Yoga teacher and body-positive activist Dianne Bondy shares how a body-shaming father led her to develop an eating disorder in childhood and adolescence, how yoga helped in her recovery, why the yoga industry needs to be more welcoming of all bodies, why body positivity is a social justice issue, and lots more!
Dianne Bondy is a celebrated yoga teacher, social justice activist and leading voice of the Yoga For All movement. Her inclusive view of yoga asana and philosophy inspires and empowers thousands of followers around the world – regardless of their shape, size, ethnicity, or level of ability.
Dianne contributes to Yoga International, Do You Yoga, and Elephant Journal. She is featured and profiled in International media outlets: The Guardian, Huffington Post, Cosmopolitan, People and more. She is a spokesperson for diversity in yoga and yoga for larger bodies, as seen in her work with Pennington’s, Gaiam, and the Yoga & Body Image Coalition. Her work is published in the books Yoga and Body Image, and Yes Yoga Has Curves. Find her online at DianneBondyYoga.com and YogaSteya.com.
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Dianne’s relationship with food growing up, including a contentious relationship with her father that twisted food into a negative experience, and her exposure to eating disorder treatment in the early 1980s
How pervasive the messaging is around women’s bodies, and how we are frequently told we are not good enough
Dianne’s conflicts around being a yogi and someone in recovery from an eating disorder in relation to vegansim and vegetarianism
The ways in which yoga can feel dogmatic and triggering when practiced in a diet framework
Why we must put self-care, self-love, and our own needs first when certain ideologies may put our recovery or safety in jeopardy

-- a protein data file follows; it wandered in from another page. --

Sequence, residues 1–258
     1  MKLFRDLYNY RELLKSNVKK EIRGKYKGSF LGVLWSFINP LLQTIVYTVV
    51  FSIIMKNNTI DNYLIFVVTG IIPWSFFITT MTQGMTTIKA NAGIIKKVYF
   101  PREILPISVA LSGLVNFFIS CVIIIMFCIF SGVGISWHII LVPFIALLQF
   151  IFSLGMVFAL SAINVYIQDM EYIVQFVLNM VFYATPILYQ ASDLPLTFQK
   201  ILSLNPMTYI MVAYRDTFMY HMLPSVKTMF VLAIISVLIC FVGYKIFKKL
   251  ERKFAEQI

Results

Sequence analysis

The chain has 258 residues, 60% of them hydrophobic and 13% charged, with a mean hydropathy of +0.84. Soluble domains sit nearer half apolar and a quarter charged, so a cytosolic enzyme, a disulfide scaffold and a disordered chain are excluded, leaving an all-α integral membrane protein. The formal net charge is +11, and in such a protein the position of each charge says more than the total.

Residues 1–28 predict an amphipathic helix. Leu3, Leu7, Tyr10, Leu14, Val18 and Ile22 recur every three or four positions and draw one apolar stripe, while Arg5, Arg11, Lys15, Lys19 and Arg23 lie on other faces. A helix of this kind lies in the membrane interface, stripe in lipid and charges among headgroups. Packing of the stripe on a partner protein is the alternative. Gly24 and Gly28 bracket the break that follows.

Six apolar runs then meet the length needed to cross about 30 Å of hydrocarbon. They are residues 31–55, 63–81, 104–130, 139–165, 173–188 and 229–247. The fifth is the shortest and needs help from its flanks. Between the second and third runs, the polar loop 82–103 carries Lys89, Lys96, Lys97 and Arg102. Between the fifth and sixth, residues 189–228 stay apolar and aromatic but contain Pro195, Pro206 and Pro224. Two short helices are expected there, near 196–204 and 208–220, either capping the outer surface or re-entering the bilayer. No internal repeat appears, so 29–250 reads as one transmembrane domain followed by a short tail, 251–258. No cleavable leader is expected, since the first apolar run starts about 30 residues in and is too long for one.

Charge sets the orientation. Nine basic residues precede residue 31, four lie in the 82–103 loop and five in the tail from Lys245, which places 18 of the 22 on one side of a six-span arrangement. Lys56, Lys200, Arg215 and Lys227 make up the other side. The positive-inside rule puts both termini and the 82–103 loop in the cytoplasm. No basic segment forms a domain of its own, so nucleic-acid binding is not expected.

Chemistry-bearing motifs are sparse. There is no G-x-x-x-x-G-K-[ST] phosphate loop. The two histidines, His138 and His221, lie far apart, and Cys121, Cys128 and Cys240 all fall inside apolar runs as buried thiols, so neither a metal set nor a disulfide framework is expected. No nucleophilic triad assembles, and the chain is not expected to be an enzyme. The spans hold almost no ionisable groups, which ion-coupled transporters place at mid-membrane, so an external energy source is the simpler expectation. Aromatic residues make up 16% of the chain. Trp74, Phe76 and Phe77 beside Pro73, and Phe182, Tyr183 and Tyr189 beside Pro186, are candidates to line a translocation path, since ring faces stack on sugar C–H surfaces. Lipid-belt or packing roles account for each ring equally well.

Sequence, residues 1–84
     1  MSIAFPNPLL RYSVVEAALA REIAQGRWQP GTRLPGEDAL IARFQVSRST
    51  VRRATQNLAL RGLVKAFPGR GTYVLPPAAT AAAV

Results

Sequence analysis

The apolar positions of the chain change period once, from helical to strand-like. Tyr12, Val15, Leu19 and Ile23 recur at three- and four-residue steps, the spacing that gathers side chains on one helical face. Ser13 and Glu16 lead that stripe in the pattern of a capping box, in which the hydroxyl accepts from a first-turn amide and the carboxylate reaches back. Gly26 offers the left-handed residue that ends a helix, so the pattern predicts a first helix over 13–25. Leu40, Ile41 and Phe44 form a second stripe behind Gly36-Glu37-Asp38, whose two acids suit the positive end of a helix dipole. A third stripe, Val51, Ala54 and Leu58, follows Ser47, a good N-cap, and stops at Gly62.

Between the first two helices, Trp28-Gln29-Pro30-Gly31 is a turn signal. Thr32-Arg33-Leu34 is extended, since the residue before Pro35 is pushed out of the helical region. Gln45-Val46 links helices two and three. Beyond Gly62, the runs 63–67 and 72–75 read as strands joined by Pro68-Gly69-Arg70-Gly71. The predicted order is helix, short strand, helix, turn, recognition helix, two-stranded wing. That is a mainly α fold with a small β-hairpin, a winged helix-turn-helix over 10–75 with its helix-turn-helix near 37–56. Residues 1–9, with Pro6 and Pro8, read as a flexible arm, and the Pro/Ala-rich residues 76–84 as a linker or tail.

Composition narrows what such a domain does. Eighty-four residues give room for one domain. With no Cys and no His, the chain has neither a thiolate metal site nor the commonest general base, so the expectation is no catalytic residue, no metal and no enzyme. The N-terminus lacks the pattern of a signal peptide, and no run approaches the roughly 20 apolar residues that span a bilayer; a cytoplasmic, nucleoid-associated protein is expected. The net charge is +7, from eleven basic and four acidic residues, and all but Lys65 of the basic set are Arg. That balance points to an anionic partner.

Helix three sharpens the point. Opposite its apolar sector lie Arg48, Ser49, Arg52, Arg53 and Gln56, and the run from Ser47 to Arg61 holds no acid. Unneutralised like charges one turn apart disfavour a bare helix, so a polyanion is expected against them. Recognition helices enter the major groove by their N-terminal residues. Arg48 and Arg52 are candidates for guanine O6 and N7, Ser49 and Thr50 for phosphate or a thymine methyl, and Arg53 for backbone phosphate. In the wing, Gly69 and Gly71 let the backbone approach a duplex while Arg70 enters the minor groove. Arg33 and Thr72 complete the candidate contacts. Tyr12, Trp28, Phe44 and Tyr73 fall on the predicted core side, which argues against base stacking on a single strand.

Why the classic aesthetic of yoga (white, able-bodied, thin, woman) is so damaging to those who do not fit within the cultural ideal
Diet culture’s sneaky hiding places, and the ways in which the diet mentality is just a product of the capitalist machine
The pervasiveness of fatphobia within the medical community
The importance of educating people on Health at Every Size and true body positivity
Dianne’s a-ha moment in her eating disorder recovery, including the big part that yoga played in recovery
Dianne’s journey to find yoga for all bodies
The co-option of the body positivity movement, how frustrating it is to live in a world that tries to bar all bodies from healing practices such as yoga, and the ways in which we can use true body positivity to fight against the diet mentality
The ways in which diet culture acts as tool of the patriarchy and limits women in their political and cultural power
Dianne’s vision for the downfall of the diet industry, and the amazing work being done in the social justice community to push back against diet culture
The power in embracing self-love and self-healing
Why social media is helping in the fight against diet culture
Body positivity and size acceptance as a social and political movement, and how pushback indicates progress
HAES as a civil rights movement
Dianne’s experience with the 2016 U.S. election as a Canadian
Millennial hate, the impact of Baby Boomer policy, and the ways in which the American experience has paved the way for a hateful, bigoted ideology
The impossibility of the young, white beauty ideal and its oppressive impacts
Oppression, white supremacy, and the ways in which the world is simultaneously changing and regressing
Some of the links below are affiliate links. Affiliates or not, we only recommend products and services that align with our values.
- Things No One Will Tell Fat Girls by Jes Baker
Health at Every Size by Linda Bacon
“Yoga: Not Just for Young, Skinny White Girls” by Dianne Bondy
Yoga and Body Image by Melaine Klein and Anna Guest-Jelley
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